For a step back in literary time, baby boomer book lovers should visit Cross Creek, home of author Marjorie Kinnan Rawlings, on their next Florida vacation.
Walking the grounds and buildings of the 1930’s Florida homestead is like entering a pre-wired world. Here, Rawlings’ wrote her novels, including Pulitzer Prize winner, The Yearling, at a manual typewriter on the screened-in front porch. That is, when she wasn’t cooking three-meals-a-day on the wood-fired stove or tending to Dora, the Jersey cow, before working in the citrus orchard.
Park Ranger, Sheila Barnes, greeted me on a visit to Cross Creek, officially known as Marjorie Kinnan Rawlings State Park. Dressed in period costume, Barnes told stories from her research covering 15 years of studying Rawlings’ life. Rather than reading a plaque or hearing a lecture, I felt as if I was in the 1930’s talking with one of Marjorie’s good friends or neighbors.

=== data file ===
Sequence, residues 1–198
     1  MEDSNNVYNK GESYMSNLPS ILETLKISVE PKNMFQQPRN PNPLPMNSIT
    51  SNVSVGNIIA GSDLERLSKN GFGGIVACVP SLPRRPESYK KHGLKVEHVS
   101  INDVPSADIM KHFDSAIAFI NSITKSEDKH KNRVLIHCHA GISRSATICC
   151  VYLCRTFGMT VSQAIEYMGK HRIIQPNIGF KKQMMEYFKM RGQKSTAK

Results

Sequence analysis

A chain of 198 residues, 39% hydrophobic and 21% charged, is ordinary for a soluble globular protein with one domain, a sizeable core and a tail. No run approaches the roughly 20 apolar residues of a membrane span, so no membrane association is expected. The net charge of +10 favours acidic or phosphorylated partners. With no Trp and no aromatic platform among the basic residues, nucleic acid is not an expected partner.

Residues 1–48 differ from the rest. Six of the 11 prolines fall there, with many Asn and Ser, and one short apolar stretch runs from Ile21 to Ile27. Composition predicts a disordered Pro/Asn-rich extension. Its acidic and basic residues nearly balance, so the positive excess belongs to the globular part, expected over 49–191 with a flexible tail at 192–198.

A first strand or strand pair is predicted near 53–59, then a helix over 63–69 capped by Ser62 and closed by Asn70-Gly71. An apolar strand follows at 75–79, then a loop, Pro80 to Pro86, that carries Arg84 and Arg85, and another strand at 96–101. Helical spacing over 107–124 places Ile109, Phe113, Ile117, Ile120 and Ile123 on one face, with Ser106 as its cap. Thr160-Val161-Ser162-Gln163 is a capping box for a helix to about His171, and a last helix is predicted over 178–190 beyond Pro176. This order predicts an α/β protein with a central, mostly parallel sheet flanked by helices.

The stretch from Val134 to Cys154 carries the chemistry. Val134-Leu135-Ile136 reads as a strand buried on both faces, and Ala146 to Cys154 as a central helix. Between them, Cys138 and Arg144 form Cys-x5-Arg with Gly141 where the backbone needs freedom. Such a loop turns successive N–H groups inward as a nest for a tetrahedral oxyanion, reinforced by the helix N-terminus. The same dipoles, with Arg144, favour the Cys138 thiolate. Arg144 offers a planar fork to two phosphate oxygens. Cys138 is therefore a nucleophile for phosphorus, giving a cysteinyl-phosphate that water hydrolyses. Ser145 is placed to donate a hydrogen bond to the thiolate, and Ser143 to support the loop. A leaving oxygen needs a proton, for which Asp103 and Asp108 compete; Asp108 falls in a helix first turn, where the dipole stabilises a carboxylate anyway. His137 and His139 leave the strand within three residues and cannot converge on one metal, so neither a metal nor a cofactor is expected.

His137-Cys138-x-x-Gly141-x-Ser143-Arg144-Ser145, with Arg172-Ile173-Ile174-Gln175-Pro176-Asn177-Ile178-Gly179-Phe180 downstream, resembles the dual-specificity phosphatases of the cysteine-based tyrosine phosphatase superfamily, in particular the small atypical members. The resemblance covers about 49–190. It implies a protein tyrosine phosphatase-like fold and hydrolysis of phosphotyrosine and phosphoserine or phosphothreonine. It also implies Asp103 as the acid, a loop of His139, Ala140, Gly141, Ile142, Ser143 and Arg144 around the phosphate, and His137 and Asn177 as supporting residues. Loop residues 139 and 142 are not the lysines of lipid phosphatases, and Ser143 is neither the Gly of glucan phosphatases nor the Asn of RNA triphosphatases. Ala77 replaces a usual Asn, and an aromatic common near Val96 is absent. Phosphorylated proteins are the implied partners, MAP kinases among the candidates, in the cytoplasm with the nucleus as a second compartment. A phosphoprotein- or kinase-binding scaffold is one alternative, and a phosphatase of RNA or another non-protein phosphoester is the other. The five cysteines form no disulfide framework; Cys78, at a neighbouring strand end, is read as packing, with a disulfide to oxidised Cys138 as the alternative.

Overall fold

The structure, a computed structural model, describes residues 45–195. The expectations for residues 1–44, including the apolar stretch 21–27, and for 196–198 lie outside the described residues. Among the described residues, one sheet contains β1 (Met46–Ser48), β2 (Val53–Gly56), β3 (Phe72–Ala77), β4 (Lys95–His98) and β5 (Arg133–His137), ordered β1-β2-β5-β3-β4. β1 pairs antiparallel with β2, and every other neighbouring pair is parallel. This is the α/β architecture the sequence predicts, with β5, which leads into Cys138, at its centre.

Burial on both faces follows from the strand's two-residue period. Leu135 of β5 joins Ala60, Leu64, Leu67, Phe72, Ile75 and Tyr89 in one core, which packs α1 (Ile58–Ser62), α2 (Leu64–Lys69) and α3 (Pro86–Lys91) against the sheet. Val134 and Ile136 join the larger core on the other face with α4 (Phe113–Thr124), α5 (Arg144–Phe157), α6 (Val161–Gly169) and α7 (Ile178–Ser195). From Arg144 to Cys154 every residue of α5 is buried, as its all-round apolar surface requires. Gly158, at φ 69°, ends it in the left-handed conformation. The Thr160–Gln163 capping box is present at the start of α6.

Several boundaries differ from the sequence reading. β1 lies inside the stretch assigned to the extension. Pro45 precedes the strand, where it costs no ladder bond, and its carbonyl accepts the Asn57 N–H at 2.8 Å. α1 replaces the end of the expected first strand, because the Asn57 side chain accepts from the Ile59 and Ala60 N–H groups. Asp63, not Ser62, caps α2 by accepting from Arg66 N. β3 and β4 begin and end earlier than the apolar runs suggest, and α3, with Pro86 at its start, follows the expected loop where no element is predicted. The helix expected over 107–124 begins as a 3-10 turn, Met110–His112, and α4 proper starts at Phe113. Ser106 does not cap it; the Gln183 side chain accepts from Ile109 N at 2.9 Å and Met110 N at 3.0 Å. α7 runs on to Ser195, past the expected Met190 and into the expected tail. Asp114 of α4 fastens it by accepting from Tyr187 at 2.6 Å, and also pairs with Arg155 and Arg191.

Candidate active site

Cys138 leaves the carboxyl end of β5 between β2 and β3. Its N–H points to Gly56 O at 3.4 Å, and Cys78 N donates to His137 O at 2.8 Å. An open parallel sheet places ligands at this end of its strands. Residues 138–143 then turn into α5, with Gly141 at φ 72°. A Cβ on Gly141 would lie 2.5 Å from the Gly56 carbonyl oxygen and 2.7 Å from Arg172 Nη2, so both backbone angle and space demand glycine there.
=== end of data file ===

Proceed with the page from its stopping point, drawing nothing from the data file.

Make the Sweetwater Branch Inn in Gainesville your headquarters for a visit to Cross Creek. Home to the University of Florida, you can stop by the school’s library which houses the largest collection of Rawlings’ work, including her unpublished poetry.
Want to read more about Marjorie Kinnan Rawlings’ life? This article at Literary Traveler is a good place to start.
Next time, I’ll continue my travels into Georgia to learn about another woman writer of the South with stops at Flannery O’Connor’s childhood home in Savannah or her farm in Milledgeville, Georgia. Before I do, I’ll be checking out A Traveler’s Library, another site combining literature with travel.
Do you like visiting writers from the past? Post a comment to tell me about it. My literary travel list needs updating.
Disclaimer: This trip experience was provided by Gainesville/Alachua County VCB